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Here are some pictures of Les Iris, our chaumiere in Normandy.

A chaumiere is a thatched cottage, built from a skeleton of wood beams, infill of clay or lime and sometimes reinforced with horse or cow hair, and a roof of reeds.

Les Iris is on the Thatched Cottage Road, a 53-km route that runs through the Boucles de la Seine national park connecting Notre-Dame-de-Bliquietuit to Vatteville, Azier and Vieux-Port and winding along the Seine to the Vernier marshlands.

“The thatched roofs of our buildings, from whose tops grow irises with their sabre like leaves, appear to steam as though the humidity of the stable or the barn rises up through the straw”

Guy de Maupassant

The Seine flows at the end of the garden, between limestone cliffs and occasional villages. At certain times of day, large boats glide silently past, heavy on their way to Rouen, or, lighter, back out to Le Havre and the sea beyond.

This being Normandy, there is the requisite apple tree in the garden. Ours is large and old and the unripe apples taste sour and floury. The garden is full of herbs, and along the footpaths from the village up into the ancient forest there are plentiful mushrooms. The abundance this season has been a general topic of village conversation, and we ate the wild mushrooms cooked with butter and herbs by a neighbour. You can take the mushrooms you have picked to the pharmacy in the next village, and they will tell you which ones you can eat. We haven’t tried this yet.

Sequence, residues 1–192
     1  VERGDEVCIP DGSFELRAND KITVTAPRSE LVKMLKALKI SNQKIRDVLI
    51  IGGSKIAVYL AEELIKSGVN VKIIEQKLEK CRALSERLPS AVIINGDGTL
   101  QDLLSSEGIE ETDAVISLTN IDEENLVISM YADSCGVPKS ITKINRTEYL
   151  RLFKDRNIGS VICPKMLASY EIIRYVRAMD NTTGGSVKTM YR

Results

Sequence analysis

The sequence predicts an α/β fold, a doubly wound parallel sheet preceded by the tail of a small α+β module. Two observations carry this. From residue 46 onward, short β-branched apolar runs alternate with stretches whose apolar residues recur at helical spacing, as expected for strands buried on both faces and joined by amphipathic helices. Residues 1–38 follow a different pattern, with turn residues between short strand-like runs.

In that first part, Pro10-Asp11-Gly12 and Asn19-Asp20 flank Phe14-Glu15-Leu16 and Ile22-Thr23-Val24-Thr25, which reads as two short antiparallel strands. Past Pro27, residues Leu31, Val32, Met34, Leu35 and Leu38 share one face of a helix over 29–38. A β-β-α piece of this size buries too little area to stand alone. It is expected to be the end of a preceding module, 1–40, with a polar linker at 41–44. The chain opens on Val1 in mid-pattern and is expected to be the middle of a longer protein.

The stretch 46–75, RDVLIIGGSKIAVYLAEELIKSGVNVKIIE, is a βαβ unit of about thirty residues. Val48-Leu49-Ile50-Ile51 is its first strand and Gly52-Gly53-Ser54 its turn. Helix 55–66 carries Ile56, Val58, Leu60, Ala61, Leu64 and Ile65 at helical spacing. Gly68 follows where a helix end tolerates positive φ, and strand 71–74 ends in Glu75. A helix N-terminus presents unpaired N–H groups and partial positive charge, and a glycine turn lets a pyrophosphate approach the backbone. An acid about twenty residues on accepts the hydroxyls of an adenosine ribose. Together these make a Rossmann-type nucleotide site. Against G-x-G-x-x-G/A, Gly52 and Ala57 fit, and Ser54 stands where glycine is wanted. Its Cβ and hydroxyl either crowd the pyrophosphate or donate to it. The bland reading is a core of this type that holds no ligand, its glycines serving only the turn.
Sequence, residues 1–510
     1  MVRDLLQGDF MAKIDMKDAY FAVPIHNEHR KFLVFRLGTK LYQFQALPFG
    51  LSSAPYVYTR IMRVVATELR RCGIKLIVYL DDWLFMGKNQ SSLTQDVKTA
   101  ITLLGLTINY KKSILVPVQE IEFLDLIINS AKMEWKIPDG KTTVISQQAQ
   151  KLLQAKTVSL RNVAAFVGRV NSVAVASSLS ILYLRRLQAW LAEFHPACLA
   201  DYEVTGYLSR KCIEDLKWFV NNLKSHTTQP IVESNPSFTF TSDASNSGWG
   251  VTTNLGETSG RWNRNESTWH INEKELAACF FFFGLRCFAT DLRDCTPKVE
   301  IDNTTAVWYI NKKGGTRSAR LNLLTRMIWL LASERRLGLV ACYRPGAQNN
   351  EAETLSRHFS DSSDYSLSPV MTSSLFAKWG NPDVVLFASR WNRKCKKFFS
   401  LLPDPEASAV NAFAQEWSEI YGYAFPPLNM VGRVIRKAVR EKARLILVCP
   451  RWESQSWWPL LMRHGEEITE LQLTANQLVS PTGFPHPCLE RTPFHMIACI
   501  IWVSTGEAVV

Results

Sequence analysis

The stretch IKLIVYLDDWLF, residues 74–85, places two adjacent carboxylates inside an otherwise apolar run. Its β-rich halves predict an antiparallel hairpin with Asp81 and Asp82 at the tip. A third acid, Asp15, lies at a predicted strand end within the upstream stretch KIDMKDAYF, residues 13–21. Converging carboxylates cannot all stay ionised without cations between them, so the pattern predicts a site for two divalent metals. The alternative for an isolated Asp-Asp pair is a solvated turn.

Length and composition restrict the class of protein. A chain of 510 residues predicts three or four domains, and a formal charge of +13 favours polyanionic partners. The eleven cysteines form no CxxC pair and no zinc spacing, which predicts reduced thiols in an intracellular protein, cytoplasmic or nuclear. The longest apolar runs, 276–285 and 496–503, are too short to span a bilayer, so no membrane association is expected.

The small village church from our window. There are said to be graves in the cemetery from the hundred years’ war. During the day the bell tolls every half hour and with particular vigour at 7 am and 7 pm.

Meals are outside in the sunshine overlooking the Seine, or in the salle a manger at the petrin (dough-making table). The top lifts to reveal a trough, which provided a warm, draft-free place to knead dough and leave it to rise.

No space for bathtubs under the thatched roof, but there are two lovely bathrooms, one on the ground floor, with strong showers. The country kitchen has windows overlooking the garden and a Belfast sink.

A typical Norman fireplace, for wintry evenings.

The floors downstairs are traditional Pont Audemer tiles, and upstairs, hardwood throughout.

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